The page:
In my public school experience, I was often asked, “Why do we need a Black History Month?” This is the first February in my career when I have not been asked this question, and yet I would like to offer a reminder of how all of us might use African American History Month to be reflective about our own relationships, to surface assumptions and biases about those who are different from us, and to learn something that will support collaborative relationships across racial differences.
Jonathan Pulphus, Class of 2012, visited me this week. We had an opportunity to sit down and chat about his studies at SLU, his experience at Crossroads, and his justice work in response to Ferguson. Jonathan is double majoring in African American Studies and Women and Gender Studies and plans on going to law school. We talked about intersectionality, the value of activities like Social Justice and GSA, and the value of affinity groups as students gain insight into their personal identities and their identities as Crossroadians. Jonathan is participating in a class called Intergroup Dialogue: Black Male Identity, and our conversation reminded me of this Bayard Rustin quote: “It is very important to have a sense of racial identity because I believe it is quite impossible for people to struggle creatively if they do not truly believe in themselves.”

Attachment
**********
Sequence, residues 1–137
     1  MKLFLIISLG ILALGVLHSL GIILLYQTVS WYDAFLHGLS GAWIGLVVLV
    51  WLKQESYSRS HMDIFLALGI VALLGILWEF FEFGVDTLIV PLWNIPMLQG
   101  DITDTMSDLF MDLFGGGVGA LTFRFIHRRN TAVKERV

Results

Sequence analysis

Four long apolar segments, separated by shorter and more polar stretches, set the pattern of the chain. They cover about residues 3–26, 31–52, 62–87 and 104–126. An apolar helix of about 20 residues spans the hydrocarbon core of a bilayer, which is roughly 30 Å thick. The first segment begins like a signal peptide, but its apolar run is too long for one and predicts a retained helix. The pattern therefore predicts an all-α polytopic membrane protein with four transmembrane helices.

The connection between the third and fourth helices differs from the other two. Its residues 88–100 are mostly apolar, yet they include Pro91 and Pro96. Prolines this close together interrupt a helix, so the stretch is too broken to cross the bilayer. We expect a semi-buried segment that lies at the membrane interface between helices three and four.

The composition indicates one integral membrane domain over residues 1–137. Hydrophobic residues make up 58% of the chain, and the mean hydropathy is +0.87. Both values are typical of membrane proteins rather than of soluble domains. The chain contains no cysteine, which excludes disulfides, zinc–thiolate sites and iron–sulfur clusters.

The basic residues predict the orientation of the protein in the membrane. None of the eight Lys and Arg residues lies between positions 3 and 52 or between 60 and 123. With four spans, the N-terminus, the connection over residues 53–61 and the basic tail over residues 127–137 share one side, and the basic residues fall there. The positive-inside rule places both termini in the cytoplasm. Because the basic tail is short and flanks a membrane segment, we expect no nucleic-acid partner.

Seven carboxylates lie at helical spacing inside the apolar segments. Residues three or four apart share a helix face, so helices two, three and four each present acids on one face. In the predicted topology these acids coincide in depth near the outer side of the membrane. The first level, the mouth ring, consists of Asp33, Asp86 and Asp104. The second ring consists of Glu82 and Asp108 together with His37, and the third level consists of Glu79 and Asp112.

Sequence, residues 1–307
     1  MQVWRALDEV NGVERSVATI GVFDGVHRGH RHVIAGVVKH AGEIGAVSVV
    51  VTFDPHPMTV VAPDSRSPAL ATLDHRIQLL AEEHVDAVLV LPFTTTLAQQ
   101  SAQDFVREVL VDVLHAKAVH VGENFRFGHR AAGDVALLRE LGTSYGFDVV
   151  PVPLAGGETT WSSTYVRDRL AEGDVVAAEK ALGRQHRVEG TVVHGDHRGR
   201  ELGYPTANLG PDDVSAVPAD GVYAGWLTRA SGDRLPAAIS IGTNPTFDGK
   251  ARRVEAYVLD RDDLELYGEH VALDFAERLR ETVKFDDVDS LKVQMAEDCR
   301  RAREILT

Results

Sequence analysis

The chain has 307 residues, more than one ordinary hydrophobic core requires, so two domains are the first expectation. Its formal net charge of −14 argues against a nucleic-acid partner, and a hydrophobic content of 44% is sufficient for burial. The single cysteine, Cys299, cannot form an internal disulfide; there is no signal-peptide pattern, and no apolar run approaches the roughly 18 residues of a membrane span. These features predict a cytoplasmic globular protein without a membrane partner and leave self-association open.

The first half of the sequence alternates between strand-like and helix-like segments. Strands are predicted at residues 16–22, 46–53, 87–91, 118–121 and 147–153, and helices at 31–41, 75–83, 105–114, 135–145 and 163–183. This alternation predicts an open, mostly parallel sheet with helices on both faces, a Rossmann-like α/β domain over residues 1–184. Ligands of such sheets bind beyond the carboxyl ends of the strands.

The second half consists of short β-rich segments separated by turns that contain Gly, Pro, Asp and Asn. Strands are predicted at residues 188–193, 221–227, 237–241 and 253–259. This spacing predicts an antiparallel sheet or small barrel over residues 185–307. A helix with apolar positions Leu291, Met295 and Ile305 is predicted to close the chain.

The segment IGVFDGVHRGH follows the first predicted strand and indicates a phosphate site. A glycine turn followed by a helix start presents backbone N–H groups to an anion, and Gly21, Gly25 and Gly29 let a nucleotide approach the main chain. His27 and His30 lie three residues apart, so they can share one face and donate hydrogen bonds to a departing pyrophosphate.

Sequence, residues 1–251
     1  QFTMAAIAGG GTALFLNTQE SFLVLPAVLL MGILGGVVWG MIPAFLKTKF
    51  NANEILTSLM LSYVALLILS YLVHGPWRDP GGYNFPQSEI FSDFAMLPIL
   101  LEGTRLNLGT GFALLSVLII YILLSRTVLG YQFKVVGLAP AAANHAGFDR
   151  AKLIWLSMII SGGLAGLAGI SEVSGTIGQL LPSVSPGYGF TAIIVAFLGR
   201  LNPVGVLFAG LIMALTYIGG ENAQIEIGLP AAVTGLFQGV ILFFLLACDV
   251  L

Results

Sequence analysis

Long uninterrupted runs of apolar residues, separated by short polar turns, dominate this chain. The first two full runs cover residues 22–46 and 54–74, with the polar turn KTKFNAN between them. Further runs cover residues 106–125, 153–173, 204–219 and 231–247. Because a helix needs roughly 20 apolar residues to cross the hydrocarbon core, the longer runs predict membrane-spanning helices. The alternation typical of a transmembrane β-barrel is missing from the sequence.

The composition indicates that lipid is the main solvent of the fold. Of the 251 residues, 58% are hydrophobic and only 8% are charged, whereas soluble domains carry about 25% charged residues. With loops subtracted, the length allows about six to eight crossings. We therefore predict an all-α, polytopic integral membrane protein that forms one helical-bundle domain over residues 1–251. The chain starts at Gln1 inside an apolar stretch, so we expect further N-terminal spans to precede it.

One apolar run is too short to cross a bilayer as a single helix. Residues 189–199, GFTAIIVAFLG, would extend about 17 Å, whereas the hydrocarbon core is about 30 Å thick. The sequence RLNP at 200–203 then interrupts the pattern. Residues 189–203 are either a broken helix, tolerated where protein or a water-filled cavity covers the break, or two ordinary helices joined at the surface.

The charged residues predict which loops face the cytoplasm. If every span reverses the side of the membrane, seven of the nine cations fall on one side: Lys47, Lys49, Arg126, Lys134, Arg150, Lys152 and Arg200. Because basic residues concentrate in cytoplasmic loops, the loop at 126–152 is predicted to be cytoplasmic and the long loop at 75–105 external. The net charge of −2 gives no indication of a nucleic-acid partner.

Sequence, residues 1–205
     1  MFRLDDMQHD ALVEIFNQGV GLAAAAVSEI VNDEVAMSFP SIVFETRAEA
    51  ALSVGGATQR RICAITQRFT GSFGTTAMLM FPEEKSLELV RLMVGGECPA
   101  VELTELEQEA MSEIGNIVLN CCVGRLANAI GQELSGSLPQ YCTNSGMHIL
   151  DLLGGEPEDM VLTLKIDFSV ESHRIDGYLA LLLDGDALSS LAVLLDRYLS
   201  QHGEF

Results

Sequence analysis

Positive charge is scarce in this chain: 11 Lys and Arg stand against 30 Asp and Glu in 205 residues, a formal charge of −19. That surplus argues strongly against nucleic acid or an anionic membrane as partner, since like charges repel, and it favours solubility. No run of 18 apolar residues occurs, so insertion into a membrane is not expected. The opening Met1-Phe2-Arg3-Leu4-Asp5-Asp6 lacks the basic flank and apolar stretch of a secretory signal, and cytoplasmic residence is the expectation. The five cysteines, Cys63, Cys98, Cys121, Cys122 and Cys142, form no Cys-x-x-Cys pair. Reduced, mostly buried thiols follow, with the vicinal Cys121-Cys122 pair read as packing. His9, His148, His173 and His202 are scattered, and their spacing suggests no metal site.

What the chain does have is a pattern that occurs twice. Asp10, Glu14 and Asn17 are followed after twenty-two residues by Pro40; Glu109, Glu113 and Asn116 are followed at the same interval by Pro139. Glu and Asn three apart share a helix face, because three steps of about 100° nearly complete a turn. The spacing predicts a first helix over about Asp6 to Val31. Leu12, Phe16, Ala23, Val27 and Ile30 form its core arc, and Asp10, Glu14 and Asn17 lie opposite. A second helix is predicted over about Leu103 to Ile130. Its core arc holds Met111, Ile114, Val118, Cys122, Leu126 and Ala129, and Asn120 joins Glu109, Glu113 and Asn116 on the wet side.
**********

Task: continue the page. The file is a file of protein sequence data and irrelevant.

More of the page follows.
I am impressed by Jonathan’s reflective nature, and I am grateful that he and I were able to spend an hour together. I am hopeful that Jonathan will return and share some of what he learns from his intergroup dialogue experience with our faculty and with our students. Perhaps in this way we will continue to celebrate African American History Month on March 1st and beyond.
With great expectations,